Gardening Tips: Protect and Promote Pollinators

By Vijai Pandian

Why are Pollinators important?

Pollinating insects such as bees, flies, butterflies, moths, wasps, and beetles play a key role in seed production for many flowering plants in the world. Nearly $15 billion worth of food crops in U.S. is dependent on the pollinating insects and others.  Almonds, apples, oranges, cherries, blueberries, pumpkins, gourds, zucchini, cantaloupe, macadamia, cashews, strawberries and cocoa are common fruits and vegetable crops that benefit from pollinating insects. Unfortunately, the populations of many pollinating insects have sharply declined in the last few decades and recent studies have documented four bumble bee species that are close to extinction. Habitat loss, fragmentation of existing nesting and foraging grounds, diseases, parasites, agricultural practices, pesticides and abnormal weather conditions are some leading factors in the decline of pollinating insect populations.

Ways to encourage pollinators in your garden:

A Monarch butterfly on a pinkish purple flower.

Butterflies, like this Monarch, are attracted to flowers that are orange, red, yellow, and purple in color.

  • Plant diverse native plant species that bloom in different seasons to attract pollinators. Use a wide variety of floral colors and plant them in groups of single colors to capture pollinator attention. For instance, bees are attracted to white, blue, yellow, and purple flowers; butterflies like orange, red, yellow, and purple flower colors.  Select simple and pollen rich flower cultivars rather than hybridized flowers that have double flower petals and lack in pollen. For pollinator plant selection visit the Pollinator Partnership website to see an ecological guide.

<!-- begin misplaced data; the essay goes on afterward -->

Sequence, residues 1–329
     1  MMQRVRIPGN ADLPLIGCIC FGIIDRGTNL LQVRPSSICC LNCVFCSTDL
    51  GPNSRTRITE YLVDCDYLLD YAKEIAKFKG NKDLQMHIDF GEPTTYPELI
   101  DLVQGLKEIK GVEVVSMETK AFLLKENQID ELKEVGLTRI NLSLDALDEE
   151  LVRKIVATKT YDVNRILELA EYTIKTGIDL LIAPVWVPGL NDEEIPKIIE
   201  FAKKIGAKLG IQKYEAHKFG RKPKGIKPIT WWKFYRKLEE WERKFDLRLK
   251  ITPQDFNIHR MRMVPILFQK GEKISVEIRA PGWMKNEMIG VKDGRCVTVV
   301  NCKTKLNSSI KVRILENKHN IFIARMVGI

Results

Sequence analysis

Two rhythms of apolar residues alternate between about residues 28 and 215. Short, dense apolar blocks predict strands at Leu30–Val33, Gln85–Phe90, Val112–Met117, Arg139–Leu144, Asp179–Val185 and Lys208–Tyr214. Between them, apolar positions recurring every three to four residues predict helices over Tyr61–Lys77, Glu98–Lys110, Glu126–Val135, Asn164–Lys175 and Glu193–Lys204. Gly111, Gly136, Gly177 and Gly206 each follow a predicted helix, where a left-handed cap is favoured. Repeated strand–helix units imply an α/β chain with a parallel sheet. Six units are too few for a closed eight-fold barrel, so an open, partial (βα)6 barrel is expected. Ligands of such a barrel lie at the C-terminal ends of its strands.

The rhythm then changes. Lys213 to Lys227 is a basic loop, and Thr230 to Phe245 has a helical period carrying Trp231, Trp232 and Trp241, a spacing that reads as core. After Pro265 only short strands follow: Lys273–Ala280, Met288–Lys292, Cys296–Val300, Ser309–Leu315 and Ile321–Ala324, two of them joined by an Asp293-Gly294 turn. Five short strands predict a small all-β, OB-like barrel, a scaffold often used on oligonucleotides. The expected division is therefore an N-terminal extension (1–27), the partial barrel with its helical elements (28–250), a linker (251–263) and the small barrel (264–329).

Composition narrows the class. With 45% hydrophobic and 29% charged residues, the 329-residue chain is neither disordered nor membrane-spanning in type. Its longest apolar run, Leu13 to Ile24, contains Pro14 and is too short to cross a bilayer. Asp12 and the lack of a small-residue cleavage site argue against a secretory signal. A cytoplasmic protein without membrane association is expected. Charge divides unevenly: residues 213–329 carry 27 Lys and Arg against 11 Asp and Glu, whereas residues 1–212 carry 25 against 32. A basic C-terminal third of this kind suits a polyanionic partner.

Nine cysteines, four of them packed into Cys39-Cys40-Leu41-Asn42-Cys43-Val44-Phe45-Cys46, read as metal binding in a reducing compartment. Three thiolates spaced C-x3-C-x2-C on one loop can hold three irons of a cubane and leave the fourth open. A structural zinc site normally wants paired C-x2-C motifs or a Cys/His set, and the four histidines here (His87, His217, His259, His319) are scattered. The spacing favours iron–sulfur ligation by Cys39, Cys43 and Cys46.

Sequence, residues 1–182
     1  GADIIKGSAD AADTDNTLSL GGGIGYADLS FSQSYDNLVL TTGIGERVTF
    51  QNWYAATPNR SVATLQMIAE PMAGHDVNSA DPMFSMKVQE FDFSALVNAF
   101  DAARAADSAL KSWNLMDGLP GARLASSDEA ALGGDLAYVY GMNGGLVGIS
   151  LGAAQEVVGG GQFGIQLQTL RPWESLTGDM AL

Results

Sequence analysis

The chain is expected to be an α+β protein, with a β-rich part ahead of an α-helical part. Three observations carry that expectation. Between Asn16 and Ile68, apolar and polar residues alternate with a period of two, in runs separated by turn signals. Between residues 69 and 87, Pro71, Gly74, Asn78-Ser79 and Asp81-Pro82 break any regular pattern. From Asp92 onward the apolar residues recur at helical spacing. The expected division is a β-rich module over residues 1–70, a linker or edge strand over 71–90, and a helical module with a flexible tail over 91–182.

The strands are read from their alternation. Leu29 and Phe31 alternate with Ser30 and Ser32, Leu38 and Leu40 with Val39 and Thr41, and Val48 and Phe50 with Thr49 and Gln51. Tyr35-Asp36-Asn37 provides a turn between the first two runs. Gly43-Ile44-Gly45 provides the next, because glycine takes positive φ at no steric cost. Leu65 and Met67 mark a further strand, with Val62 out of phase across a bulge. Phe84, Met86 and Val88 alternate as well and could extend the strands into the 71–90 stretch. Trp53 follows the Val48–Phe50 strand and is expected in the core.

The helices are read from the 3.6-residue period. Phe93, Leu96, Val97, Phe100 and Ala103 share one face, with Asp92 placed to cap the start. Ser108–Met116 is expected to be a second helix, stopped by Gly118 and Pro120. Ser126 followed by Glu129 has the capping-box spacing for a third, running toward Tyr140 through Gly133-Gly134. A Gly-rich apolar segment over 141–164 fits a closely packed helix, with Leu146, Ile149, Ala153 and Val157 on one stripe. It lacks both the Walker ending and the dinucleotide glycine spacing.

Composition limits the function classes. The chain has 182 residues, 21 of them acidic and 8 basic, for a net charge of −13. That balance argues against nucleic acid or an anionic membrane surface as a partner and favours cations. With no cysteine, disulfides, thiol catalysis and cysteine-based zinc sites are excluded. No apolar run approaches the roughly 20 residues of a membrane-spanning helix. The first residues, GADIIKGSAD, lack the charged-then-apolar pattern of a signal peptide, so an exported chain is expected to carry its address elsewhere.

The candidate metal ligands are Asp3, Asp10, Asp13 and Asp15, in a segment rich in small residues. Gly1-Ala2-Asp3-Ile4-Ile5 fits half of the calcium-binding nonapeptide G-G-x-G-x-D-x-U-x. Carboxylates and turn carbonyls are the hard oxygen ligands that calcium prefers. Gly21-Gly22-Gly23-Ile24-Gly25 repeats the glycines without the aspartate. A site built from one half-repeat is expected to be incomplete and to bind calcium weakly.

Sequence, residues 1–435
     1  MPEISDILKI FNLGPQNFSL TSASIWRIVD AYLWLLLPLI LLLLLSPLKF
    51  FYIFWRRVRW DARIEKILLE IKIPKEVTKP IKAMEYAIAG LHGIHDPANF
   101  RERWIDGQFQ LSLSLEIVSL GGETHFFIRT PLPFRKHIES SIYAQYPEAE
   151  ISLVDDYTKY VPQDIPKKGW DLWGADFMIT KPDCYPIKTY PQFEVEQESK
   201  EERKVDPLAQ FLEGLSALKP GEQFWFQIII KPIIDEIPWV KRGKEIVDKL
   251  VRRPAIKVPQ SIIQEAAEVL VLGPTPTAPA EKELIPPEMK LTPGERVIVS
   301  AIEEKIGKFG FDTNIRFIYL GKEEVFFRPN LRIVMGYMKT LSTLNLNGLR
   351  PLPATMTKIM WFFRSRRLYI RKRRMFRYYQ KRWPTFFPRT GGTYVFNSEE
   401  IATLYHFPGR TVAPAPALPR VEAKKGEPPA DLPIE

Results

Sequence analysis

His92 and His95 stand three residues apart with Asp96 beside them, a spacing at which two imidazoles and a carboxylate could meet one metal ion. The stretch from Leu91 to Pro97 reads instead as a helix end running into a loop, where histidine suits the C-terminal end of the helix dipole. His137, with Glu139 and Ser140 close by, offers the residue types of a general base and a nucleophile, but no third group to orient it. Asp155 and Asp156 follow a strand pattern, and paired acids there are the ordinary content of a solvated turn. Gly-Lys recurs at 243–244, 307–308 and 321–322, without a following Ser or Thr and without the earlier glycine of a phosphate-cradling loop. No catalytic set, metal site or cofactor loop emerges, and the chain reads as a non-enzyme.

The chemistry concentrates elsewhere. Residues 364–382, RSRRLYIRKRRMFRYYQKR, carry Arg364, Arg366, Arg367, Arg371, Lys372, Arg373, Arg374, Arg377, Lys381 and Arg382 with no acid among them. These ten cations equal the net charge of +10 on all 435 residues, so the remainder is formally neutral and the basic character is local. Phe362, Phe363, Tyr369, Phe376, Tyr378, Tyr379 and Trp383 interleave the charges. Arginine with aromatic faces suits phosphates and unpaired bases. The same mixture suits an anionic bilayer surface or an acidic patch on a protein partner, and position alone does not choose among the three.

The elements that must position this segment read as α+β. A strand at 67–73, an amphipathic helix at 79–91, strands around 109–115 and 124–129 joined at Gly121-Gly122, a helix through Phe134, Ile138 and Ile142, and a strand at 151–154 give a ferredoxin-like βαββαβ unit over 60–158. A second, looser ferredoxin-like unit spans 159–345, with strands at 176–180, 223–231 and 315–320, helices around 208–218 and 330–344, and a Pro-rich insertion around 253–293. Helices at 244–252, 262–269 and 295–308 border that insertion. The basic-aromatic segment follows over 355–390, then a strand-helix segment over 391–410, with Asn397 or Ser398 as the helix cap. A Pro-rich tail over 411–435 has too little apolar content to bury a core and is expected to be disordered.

• Solitary bees build their nests in an open sandy area (preferably a dry site). Leaving a few patches of bare ground in an isolated part of the landscape can provide nesting habitat, and Minimizing tilling and foot traffic in those isolated areas will protect ground dwelling bees.
  • Rock walls, wooden stumps, and leaf debris also attract native bees for habitat. You can construct or purchase artificial bee nesting structures, but make sure to replace or disinfect those artificial structures every 2 years to prevent disease occurrence.
  • In your vegetable garden, seed a few patches with buckwheat or clover to attract bees.
  • Bees are highly sensitive to any contact pesticides and their residues. Never spray insecticides during the blooming period. Gardeners are highly encouraged to integrate a wide range of cultural and mechanical practices to control garden pests. Use appropriate pesticides as a last resort and apply in accordance to label directions.
  • When using insecticides in the lawn, mow off any blooming weeds before or after the treatment. Give preference to granular formulated insecticides and water the lawn immediately after application.
  • Spread the word about pollinators and get involved in citizen science projects like Bumble Bee Watch, the Great Sunflower Project and Monarch Watch.
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